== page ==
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Oct 29, 2015

Revised target document workflows in SDL Trados Studio 2015 vs. memoQ

Yesterday I had an unexpected opportunity to see the new SDL implementation of the feature Kilgray introduced to memoQ two years ago, in which a revised target document (or some portion thereof) is re-imported to a translation project for purposes of updating the translation memory. Since my involvement with the concept and specification of this feature in memoQ, I have been expecting the competition to follow suit, since in principle at least, this is a useful feature which nearly everyone can use in several common scenarios.

The way in which SDL Trados Studio 2015 handles project updates with edited target documents appears very different than what memoQ does, so that one might easily think that the functions are different. And this is one of those rare instances where I have to give SDL credit for a smoother, more streamlined procedure less likely to cause confusion and frustration with users.

The positive difference starts with the choice of terminology in the command interface. SDL refers to a "target document" rather than a "monolingual document" - I think this is less ambiguous and potentially confusing to an average user. The fact that these updates are perhaps not supported for bilingual formats in memoQ is one of those nerdy details which will not interest most people, especially given that there is a stable, established update process for project updates using bilingual documents.

When the reviewed file to import is selected, the user has the option to go to the aligner and correct possible matching errors for the revised target document (desirable if, for example, edits might cause the segmentation to change), but the default is to go straight back to the working window for translation and editing, with the changes already shown in tracked changes mode. Very nice.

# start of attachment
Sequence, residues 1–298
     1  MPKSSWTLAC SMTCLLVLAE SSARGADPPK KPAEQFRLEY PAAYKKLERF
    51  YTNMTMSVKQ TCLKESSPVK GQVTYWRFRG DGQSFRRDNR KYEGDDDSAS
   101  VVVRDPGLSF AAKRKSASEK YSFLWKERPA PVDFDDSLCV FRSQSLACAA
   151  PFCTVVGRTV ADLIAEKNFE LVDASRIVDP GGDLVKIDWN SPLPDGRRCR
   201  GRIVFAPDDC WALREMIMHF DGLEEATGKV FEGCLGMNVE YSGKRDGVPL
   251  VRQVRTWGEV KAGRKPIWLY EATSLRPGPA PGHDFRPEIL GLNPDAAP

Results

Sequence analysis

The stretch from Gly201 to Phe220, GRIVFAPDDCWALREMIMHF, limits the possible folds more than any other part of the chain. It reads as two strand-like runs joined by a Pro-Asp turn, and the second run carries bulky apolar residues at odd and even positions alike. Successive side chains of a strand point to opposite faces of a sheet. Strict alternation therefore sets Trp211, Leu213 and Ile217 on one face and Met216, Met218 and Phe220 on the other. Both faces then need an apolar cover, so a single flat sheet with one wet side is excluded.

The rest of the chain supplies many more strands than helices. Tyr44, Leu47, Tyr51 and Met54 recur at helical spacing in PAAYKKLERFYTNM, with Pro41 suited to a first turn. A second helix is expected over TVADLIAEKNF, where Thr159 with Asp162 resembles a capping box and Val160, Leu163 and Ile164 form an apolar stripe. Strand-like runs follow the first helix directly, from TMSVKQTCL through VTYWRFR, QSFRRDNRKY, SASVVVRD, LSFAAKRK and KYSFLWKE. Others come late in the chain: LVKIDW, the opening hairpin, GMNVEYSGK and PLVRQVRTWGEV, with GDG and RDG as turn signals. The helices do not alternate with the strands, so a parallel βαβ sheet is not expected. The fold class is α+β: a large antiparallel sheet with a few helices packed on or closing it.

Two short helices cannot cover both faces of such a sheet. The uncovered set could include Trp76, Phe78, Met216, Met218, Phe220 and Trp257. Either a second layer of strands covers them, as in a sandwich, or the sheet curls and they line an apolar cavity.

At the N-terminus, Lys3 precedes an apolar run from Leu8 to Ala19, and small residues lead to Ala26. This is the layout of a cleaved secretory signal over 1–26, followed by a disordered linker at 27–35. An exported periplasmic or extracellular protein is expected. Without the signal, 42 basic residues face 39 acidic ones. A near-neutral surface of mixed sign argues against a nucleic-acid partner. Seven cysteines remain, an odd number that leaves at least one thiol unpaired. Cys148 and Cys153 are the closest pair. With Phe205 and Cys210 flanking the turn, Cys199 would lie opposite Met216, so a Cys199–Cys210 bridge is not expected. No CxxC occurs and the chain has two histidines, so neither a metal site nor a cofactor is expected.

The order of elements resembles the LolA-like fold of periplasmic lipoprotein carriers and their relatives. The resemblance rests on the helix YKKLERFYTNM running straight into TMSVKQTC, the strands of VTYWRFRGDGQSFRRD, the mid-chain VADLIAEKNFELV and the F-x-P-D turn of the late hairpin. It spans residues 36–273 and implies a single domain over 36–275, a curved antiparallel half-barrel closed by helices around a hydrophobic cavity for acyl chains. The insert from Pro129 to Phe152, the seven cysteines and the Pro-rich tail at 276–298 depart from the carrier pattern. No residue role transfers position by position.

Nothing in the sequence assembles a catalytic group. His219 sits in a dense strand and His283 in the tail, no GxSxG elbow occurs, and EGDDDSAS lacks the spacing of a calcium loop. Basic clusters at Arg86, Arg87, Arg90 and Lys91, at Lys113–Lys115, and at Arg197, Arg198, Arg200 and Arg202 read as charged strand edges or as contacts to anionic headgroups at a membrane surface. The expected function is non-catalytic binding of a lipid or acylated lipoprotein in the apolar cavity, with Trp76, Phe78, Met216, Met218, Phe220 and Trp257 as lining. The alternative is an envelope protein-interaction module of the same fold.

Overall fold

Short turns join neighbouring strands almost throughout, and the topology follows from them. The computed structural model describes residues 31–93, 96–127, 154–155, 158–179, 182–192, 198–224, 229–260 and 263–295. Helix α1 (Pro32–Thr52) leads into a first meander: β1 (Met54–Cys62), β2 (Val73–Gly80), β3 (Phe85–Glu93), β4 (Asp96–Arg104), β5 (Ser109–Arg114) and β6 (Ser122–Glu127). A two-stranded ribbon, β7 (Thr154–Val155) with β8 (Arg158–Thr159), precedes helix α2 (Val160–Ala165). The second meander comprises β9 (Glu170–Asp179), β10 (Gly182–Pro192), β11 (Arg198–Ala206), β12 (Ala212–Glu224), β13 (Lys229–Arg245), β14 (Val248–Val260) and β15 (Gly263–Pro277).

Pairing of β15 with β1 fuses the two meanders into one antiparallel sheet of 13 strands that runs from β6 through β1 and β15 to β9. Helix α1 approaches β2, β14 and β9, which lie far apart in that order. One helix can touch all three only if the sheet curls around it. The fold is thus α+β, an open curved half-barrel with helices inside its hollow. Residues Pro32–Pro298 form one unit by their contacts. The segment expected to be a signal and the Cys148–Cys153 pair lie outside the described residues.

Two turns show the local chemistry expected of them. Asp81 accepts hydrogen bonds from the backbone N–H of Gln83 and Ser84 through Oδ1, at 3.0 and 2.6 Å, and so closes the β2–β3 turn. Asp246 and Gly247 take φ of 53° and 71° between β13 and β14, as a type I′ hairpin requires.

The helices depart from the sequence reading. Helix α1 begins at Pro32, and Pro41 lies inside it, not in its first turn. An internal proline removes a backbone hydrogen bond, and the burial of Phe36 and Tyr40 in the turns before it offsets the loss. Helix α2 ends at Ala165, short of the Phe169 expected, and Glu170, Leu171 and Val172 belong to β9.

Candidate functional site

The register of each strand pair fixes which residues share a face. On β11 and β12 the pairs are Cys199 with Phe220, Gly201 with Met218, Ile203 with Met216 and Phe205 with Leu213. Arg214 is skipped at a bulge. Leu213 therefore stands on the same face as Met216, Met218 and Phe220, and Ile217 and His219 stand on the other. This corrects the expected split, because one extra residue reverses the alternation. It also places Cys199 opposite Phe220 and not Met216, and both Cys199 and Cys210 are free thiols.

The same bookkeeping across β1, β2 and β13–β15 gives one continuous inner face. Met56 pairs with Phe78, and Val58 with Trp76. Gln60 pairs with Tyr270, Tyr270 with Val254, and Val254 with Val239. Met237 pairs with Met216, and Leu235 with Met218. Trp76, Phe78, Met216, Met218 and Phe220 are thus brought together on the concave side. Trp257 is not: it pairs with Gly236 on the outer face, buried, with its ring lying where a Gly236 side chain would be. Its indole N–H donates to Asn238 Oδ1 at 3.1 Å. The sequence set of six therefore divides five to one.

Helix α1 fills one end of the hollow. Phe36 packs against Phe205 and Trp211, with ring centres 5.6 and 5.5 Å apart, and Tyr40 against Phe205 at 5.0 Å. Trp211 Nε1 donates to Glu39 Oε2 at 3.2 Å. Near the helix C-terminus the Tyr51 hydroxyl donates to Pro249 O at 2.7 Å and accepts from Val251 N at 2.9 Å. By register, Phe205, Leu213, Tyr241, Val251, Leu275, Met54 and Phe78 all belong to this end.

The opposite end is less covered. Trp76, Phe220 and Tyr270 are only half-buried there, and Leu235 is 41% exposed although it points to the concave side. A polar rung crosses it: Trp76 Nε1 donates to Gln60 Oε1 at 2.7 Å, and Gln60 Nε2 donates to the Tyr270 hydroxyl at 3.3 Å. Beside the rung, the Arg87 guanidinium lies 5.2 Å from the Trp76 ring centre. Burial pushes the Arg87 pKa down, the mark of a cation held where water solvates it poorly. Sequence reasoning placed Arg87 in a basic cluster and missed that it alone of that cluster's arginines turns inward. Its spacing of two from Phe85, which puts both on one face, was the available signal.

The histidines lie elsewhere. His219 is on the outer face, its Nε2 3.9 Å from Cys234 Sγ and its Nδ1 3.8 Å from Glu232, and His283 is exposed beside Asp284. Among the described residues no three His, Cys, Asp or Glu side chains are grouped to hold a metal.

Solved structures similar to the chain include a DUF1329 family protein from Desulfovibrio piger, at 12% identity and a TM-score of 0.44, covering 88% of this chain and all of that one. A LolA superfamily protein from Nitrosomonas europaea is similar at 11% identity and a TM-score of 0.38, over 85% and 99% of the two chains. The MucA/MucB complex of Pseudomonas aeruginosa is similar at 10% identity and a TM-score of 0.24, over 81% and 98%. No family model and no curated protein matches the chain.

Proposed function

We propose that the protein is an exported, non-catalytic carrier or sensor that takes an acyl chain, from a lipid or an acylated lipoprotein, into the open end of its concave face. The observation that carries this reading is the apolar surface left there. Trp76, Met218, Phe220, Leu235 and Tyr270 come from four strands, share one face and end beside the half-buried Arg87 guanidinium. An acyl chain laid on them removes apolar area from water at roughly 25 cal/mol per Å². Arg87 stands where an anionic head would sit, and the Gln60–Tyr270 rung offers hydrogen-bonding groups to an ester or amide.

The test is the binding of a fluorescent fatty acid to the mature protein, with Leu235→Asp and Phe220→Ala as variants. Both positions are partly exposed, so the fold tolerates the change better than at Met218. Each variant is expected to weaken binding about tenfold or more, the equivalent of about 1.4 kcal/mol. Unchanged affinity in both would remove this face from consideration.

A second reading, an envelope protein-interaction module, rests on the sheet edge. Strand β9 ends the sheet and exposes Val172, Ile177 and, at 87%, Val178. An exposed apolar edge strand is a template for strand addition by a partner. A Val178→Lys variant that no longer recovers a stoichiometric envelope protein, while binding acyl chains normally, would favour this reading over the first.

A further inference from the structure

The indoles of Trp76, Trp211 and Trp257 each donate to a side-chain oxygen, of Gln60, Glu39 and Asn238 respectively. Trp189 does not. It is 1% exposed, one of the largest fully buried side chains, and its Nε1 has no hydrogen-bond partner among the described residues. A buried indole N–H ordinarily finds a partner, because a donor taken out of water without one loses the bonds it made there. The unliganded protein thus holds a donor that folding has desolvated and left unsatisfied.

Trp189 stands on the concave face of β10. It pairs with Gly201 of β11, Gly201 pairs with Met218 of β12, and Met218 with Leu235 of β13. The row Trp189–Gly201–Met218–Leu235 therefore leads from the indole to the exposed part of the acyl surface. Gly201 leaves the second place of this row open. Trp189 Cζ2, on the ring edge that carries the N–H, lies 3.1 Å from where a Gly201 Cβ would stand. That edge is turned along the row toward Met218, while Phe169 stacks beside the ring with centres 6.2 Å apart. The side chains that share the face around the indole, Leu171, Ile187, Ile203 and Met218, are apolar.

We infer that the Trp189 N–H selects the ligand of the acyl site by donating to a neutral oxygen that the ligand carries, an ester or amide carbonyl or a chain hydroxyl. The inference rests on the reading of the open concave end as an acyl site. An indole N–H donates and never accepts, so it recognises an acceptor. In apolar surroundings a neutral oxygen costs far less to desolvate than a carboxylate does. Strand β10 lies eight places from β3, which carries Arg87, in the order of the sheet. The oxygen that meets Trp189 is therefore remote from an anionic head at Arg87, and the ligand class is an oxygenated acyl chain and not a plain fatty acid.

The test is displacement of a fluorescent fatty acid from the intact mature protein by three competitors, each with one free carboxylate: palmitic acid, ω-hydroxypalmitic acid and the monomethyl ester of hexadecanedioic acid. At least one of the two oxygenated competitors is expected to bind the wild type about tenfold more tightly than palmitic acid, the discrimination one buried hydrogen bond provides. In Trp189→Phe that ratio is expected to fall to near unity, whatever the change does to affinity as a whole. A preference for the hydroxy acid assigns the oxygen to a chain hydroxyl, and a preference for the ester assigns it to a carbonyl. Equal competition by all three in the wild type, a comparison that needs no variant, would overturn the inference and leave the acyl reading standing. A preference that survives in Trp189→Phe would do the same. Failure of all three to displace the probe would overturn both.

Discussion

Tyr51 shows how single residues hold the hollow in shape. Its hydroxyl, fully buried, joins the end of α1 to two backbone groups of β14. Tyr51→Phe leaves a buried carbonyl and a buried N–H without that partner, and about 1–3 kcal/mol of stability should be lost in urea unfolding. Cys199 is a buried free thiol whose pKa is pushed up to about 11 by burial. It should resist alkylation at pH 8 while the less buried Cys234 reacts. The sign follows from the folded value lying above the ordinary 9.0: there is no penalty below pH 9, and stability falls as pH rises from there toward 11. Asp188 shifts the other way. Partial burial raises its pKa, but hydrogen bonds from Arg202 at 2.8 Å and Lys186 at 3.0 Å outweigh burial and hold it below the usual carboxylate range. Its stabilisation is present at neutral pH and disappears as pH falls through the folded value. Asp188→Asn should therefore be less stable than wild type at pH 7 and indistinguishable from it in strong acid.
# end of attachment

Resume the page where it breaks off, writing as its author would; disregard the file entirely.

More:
In memoQ, the trip through the aligner is mandatory, but for simple changes, this is usually not needed, so I like the fact that Studio 2015 offers this as an option. And in memoQ, several extra steps are needed to show the changes in tracked mode (redlined markup), with confusing traps in the interface along the way. In a recent blog post, I described how Kilgray's emphasis on commands and terms relevant only to server projects, with the usual tracked changes options a translator would want buried under the "Custom" command, causes many users to conclude that tracked changes simply do not work in memoQ, which is not true at all. You just have to run the evil interface gauntlet to get there.

Does this mean I think everyone should dump memoQ and start using SDL Trados Studio 2015? Heck no. There are many processes involved in successful translation work, and switching from one tool to another based on a single feature or a just a few features is not particularly clever, no matter which way you go. (Except for "away from Across", which is always a good idea.) I am very pleased and encouraged by SDL's different approach to this feature, because it shows once again the importance of competition and different approaches to a problem. Ultimately, ergonomics and user experiences should determine the further development of a feature. In my opinion, memoQ usually has the edge here, but not always, and this is a case where improvements to this innovative feature which first appeared in memoQ could very well be inspired by SDL.

2 comments:

  1. Kevin, I also saw and used this feature recently in my (starter) version of Studio 2015 and, like you, I was struck by how much smoother the process was in Studio than in memoQ. Very impressive compared with the memoQ feature, which - useful though it definitely is - is clunky and fiddly.

    I don't normally rate Studio over memoQ but in this instance I do.

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    Replies
    1. Yes, in this case we really must give the Devil his due ;-)

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